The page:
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HomeArtificial Intelligence and Machine LearningPower recommendations and search using an IMDb knowledge graph – Part 3

Power recommendations and search using an IMDb knowledge graph – Part 3

This three-part series demonstrates how to use graph neural networks (GNNs) and Amazon Neptune to generate movie recommendations using the IMDb and Box Office Mojo Movies/TV/OTT licensable data package, which provides a wide range of entertainment metadata, including over 1 billion user ratings; credits for more than 11 million cast and crew members; 9 million movie, TV, and entertainment titles; and global box office reporting data from more than 60 countries. Many AWS media and entertainment customers license IMDb data through AWS Data Exchange to improve content discovery and increase customer engagement and retention.

The following diagram illustrates the complete architecture implemented as part of this series.

In Part 1, we discussed the applications of GNNs and how to transform and prepare our IMDb data into a knowledge graph (KG). We downloaded the data from AWS Data Exchange and processed it in AWS Glue to generate KG files. The KG files were stored in Amazon Simple Storage Service (Amazon S3) and then loaded in Amazon Neptune.

In Part 2, we demonstrated how to use Amazon Neptune ML (in Amazon SageMaker) to train the KG and create KG embeddings.

In this post, we walk you through how to apply our trained KG embeddings in Amazon S3 to out-of-catalog search use cases using Amazon OpenSearch Service and AWS Lambda. You also deploy a local web app for an interactive search experience. All the resources used in this post can be created using a single AWS Cloud Development Kit (AWS CDK) command as described later in the post.


Have you ever inadvertently searched a content title that wasn’t available in a video streaming platform? If yes, you will find that instead of facing a blank search result page, you find a list of movies in same genre, with cast or crew members. That’s an out-of-catalog search experience!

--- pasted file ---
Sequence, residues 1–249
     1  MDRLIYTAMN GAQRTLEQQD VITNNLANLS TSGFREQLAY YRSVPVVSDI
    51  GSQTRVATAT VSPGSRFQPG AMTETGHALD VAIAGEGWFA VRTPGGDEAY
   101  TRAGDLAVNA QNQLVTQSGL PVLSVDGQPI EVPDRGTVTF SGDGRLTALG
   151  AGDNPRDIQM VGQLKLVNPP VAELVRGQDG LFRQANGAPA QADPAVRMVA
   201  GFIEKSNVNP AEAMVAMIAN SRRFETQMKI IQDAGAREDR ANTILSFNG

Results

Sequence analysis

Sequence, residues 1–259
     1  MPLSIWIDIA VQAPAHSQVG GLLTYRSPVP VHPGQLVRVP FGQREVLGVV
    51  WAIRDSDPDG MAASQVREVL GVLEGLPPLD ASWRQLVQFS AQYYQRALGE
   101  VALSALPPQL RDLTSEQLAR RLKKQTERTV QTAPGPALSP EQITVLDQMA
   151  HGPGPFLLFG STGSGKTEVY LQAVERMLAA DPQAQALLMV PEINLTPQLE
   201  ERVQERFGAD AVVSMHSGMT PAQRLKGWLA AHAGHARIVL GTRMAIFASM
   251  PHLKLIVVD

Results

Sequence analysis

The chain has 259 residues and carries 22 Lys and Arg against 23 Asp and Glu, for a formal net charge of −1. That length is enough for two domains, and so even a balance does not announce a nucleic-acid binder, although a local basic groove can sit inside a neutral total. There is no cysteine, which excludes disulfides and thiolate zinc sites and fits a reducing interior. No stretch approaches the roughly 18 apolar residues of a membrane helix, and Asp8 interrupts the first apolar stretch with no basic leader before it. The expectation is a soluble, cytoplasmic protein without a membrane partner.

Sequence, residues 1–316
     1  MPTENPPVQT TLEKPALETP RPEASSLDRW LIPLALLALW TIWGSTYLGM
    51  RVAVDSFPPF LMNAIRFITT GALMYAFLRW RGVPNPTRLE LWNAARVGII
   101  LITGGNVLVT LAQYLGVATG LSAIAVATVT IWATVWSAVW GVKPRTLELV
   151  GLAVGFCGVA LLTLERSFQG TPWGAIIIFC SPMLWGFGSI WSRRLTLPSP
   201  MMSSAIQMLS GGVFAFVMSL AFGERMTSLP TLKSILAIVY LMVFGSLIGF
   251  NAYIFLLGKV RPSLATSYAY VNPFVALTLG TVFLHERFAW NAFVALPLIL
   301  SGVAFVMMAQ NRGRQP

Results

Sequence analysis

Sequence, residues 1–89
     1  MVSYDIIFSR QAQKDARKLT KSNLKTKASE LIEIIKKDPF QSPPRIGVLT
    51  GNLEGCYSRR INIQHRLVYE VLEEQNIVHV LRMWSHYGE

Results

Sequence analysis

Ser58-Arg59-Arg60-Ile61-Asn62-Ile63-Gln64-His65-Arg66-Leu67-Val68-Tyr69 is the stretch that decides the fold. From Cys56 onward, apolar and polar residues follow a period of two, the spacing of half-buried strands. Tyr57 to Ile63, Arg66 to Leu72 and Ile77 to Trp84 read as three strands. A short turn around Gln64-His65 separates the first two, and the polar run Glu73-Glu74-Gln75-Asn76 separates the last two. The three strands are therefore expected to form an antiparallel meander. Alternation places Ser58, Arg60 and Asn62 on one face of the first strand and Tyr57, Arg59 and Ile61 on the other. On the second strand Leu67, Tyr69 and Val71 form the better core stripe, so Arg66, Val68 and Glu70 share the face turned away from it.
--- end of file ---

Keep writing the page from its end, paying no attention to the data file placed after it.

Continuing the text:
Out-of-catalog search (OOC) is when you enter a search query that has no direct match in a catalog. This event frequently occurs in video streaming platforms that constantly purchase a variety of content from multiple vendors and production companies for a limited time. The absence of relevancy or mapping from a streaming company’s catalog to large knowledge bases of movies and shows can result in a sub-par search experience for customers that query OOC content, thereby lowering the interaction time with the platform. This mapping can be done by manually mapping frequent OOC queries to catalog content or can be automated using machine learning (ML).

In this post, we illustrate how to handle OOC by utilizing the power of the IMDb dataset (the premier source of global entertainment metadata) and knowledge graphs.

OpenSearch Service is a fully managed service that makes it easy for you to perform interactive log analytics, real-time application monitoring, website search, and more. OpenSearch is an open source, distributed search and analytics suite derived from Elasticsearch. OpenSearch Service offers the latest versions of OpenSearch, support for 19 versions of Elasticsearch (1.5 to 7.10 versions), as well as visualization capabilities powered by OpenSearch Dashboards and Kibana (1.5 to 7.10 versions). OpenSearch Service currently has tens of thousands of active customers with hundreds of thousands of clusters under management processing trillions of requests per month. OpenSearch Service offers kNN search, which can enhance search in use cases such as product recommendations, fraud detection, and image, video, and some specific semantic scenarios like document and query similarity. For more information about the natural language understanding-powered search functionalities of OpenSearch Service, refer to Building an NLU-powered search application with Amazon SageMaker and the Amazon OpenSearch Service KNN feature.